The front exterior surface of the first lens element 42 is located nearest to cap 36. The first lens element 42, the second lens element 44, the third lens element 46, the aperture 48, and the shutter 50 may all be components known in the art.

The light-absorbent material segment 40 may be adhesively secured to the inside of the lens cap 36. It may be made of material which absorbs substantially all of the light which is directed thereupon, and thus will reflect substantially no light back onto the lens. Material segment 40 may be, for example, a flat black disc having a fine texture which is highly resistant to smudging. Alternately, instead of using a disc for the light-absorbent material segment 40, the inside of the lens cap could be manufactured with a non-reflective flat black finish or may employ other light absorbing material. Alternative locations for the LEDs are shown in FIG. 2. In a first embodiment, one or more LEDs 38 are located at 54 between the first lens element 42 and the second lens element 44, with the LEDs 38 oriented to direct light toward the first lens element 42 as shown in more detail in FIG. 2A.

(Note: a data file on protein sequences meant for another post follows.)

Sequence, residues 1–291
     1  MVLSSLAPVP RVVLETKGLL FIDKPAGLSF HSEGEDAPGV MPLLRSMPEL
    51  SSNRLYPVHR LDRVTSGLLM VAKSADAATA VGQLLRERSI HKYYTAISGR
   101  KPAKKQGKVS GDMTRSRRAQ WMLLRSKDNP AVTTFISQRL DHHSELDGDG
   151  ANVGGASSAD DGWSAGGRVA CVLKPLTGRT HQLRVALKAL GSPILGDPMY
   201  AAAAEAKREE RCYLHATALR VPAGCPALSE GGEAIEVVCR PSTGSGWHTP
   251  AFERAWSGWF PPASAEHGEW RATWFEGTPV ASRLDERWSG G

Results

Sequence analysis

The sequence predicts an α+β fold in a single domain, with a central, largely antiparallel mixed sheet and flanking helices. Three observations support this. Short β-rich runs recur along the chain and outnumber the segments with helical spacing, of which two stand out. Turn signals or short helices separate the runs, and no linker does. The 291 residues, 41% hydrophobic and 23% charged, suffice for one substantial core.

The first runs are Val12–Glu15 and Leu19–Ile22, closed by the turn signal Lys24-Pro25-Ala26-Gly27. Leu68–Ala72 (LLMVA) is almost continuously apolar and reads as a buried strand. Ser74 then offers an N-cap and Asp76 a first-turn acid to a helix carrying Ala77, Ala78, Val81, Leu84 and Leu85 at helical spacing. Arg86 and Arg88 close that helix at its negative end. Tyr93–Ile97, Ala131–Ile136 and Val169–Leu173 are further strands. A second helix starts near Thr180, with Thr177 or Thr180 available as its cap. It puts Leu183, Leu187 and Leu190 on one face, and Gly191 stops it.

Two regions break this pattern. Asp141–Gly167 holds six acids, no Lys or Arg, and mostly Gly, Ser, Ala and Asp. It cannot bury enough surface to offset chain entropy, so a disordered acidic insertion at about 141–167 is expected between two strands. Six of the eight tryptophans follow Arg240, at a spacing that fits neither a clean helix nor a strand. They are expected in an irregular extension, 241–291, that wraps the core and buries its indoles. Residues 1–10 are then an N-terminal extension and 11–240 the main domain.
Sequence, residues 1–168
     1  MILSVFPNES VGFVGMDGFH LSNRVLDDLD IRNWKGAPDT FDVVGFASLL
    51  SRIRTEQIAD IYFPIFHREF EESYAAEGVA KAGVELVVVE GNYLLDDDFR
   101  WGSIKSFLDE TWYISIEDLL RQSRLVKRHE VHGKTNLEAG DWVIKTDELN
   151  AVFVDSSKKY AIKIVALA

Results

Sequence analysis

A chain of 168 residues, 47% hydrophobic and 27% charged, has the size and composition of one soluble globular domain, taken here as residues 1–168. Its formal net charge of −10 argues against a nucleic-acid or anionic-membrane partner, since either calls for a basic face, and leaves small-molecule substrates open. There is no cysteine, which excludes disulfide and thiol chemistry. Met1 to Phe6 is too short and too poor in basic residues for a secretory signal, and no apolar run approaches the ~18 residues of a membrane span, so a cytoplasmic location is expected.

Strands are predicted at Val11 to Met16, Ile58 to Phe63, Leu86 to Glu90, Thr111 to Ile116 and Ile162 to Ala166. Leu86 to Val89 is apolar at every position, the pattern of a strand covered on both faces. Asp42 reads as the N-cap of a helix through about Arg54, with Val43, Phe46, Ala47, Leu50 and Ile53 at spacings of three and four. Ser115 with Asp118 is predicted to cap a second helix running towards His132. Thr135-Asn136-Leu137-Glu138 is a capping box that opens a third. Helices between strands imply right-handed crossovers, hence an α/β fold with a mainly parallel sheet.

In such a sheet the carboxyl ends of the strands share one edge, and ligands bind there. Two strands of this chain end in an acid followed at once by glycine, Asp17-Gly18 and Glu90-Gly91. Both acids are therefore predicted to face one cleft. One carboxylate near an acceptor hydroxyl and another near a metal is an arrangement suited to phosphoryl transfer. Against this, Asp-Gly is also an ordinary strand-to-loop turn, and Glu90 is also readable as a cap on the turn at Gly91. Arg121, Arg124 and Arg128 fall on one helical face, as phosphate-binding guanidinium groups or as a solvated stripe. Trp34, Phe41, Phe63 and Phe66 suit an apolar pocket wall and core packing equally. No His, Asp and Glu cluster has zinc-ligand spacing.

In this first embodiment, again referring to FIG. 2, a mask member 56 is located on the side of the LEDs 38 facing the second lens element 44, and effectively prevents light emitted from LEDs 38 from being directly transmitted (through the second lens element 44, the aperture mechanism 48, the third lens element 46, and the shutter mechanism 50) to the electronic image sensor 52. It should be noted that neither LEDs 38 nor the mask member 56 in any way substantially impedes light entering the digital camera 20 (shown in FIG. 1) through the first lens element 42 from reaching the electronic image sensor 52.

In this embodiment, substantially all of the light emitted from the LEDs 38, located at 54, will pass through the first lens element 42 so long as it is clean and free from contamination and scratches. However, in the event of contamination 58 existing on the outer surface of the first lens element 42, some of the light emitted from the LEDs 38 will be scatteredly reflected by the contamination back in a direction generally toward the electronic image sensor 52. This backscattering will ultimately result in some of the light passing through the second lens element 44, the aperture 48, and the third lens element 46, and the shutter 50 and onto the electronic image sensor 52, where it may be detected.